I really struggle with still life painting. I feel my best still life efforts are those in which I invent an arrangement to suit a particular mood or abstract design. In the still life below that is what I did – after painting many bottles in such arrangements from life, I sketched a few imaginary thumbnails and then just painted one I liked.
The drawing and perspective is not very realistic, but it more or less matched the mood I was after. Some late afternoon perhaps, in an empty apartment, when it becomes apparent that the hope you had was hope for the wrong thing. And yet, there is this moment right here, nothing lacking, perfect as it is.
The images below show some watercolours that were painted from life. You may agree they do not convey the same sense of mood as the top one? In any event, I humbly admit that I still have many square miles of canvas/paper to paint before I even approach the foothills of mastery.
For me still life is one of the most difficult painting genres. Unlike a landscape, in which the particulars can be easily generalized and modified to match a mood or emotion, the still life seems to always sit too vividly in front of me, and it somehow freaks me out enough to keep me away from trying it.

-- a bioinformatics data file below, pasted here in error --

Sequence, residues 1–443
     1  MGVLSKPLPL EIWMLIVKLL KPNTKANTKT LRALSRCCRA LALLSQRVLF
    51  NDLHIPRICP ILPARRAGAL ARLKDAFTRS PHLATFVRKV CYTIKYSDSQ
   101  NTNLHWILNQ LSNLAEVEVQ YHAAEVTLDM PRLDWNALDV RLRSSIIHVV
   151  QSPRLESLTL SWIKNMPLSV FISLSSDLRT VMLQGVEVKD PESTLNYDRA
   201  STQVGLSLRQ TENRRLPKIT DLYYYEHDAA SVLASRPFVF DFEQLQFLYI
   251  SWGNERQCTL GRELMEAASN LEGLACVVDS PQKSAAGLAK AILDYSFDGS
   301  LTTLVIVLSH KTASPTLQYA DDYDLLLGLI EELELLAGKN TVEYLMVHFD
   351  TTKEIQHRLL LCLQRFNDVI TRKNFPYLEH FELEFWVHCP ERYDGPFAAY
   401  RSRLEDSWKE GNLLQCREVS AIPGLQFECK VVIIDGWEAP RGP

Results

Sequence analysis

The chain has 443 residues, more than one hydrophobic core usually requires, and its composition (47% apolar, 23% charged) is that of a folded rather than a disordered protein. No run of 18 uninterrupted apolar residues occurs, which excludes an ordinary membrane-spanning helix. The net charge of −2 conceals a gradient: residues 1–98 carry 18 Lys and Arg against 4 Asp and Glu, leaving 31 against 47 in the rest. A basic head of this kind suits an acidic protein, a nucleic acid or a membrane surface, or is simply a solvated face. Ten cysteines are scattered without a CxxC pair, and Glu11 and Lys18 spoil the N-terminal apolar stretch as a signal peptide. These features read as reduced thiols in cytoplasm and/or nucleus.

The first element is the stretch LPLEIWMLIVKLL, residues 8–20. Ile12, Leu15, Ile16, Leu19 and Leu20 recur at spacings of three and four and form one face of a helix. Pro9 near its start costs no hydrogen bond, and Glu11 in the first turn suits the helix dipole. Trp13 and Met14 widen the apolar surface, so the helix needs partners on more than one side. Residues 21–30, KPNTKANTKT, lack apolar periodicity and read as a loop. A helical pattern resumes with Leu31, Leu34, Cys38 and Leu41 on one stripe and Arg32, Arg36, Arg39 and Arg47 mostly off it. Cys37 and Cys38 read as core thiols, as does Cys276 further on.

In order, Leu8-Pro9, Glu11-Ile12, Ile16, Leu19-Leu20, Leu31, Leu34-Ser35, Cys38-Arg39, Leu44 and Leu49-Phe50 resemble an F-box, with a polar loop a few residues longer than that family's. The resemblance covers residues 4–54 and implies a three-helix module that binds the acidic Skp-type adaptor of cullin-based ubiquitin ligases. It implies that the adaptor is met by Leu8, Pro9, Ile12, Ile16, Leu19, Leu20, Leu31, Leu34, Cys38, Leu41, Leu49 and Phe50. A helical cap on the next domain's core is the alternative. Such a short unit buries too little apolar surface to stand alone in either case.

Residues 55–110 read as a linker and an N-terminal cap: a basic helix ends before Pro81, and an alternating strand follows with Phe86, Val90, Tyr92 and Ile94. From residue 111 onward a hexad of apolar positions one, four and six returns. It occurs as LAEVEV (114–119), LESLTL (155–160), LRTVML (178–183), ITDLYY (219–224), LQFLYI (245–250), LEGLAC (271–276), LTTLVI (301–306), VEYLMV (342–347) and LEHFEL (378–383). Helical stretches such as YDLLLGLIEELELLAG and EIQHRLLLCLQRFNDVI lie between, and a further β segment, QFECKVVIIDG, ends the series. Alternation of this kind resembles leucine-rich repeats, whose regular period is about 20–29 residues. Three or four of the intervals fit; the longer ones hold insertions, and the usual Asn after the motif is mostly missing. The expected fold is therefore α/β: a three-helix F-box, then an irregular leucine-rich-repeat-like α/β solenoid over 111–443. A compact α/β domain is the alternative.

The road to mastery in painting – or anything perhaps – clearly goes up all the way!
Does the road wind up-hill all the way?Yes, to the very end.Will the day’s journey take the whole long day?From morn to night, my friend.But is there for the night a resting-place?A roof for when the slow dark hours begin.May not the darkness hide it from my face?You cannot miss that inn.excerpt from “Up-Hill” by Christina Rossetti